When Granger Smith equated the Texas music scene to the minor leagues, a lot of folks jumped in with their own thoughts. For some, them's fightin' words. Wade Bowen offered a tongue-in-cheek rebuttal on Instagram, sharing Smith's quote with the caption, "Love my life! Cheers to the minor leagues!!"
That cued off a bit of a flame war amongst fans. Smith's longtime drummer demanded Bowen apologize, and Ray Benson of Asleep at the Wheel planted himself in Bowen's corner with this tweet:
— Ray Benson (@bismeaux) July 19, 2016
Bowen said he and Smith eventually cleared the air over the phone, a promising "olive branch" of sorts meant to calm down the quarreling fans more than anything. But the feud once again unearthed the inescapable argument in the country world.
Which has more merit: the Texas music scene or the Nashville scene? Unfortunately, for many fans it's an either/or argument. Being a diehard fan of the Texas music scene, the thinking goes, precludes you from also loving the Nashville sound. Success in Texas, the Nashville "suits" suppose, doesn't translate to a shot at success outside of it.
The two lines of thinking couldn't be further from the truth. In fact, the Texas music scene and the Nashville machine are intertwined more deeply than perhaps any other genre in the music industry.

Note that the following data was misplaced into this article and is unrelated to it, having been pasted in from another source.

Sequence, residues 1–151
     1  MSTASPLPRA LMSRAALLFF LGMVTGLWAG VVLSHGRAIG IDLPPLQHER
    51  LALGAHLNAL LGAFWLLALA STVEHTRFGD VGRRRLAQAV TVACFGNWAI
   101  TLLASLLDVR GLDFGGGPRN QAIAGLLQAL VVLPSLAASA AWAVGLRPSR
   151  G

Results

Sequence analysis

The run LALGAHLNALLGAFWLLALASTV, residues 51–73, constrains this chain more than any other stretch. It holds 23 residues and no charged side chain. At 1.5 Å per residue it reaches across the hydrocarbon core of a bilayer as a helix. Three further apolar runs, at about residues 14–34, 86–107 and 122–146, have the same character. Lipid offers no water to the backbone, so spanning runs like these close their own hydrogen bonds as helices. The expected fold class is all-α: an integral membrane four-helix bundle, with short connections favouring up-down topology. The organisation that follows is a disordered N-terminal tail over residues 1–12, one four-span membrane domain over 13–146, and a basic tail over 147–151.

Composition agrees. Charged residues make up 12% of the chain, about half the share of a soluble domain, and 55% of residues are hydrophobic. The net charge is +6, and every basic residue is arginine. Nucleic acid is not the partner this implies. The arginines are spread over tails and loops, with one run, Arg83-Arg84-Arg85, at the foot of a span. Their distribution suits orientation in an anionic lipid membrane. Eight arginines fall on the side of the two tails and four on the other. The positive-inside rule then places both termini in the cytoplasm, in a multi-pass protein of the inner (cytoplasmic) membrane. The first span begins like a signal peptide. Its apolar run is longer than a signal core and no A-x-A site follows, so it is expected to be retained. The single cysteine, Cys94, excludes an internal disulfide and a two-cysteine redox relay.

The Texas music scene and the Nashville machine are intertwined more deeply than perhaps any other genre in the music industry.
Texas' rich musical tapestry includes legends in just about every genre. When it comes to country, Texas' stake as the genre's forefather is undeniable. Bob Wills, Willie Nelson, Kris Kristofferson, Waylon Jennings, George Strait -- these icons shaped country music back before anybody cared if it was "Nashville" or "Texas." But what about today?
Texans should be proud to know that some of the best-selling, most critically acclaimed Nashville acts are Texans with musical roots deep in the Lone Star State. Some of the biggest writers, producers and engineers behind the biggest hits are Texans. In many ways, Nashville is Texas.
But Nashville is a lot of other people, too. Because it has a scene that draws thousands of people every year from across the country, from nearby Southern states to the Northern Plains and beyond. The Nashville scene includes people who left towns both large and small in search of a network that could help them take their music careers further.
A Scene Of Its Own
Texas and Texans are blessed with their very own scene. One of Texas' brightest young stars in Nashville, Maren Morris, made that distinction beautifully. "Once I moved to Nashville, I learned so many people had to move there to find a music scene, and I realized how lucky I was to come from one in Texas," Morris told me months ago.
But that very thing can make the industry in Nashville uneasy. They're not sure how to tackle such a unique market. One that still largely operates with artists who write the bulk of their material, as opposed to songwriters. One that emphasizes the small market draw and finds its most kindred states in more rural areas like Oklahoma, Colorado and Wyoming.
And yet, the separation of the "Texas" scene from the rest of the country world really only came about in the past twenty years. At least in terms of a viable, structured market with its own touring, radio and press. It's a viciously independent world, and Texas artists wear that independence like a badge of honor.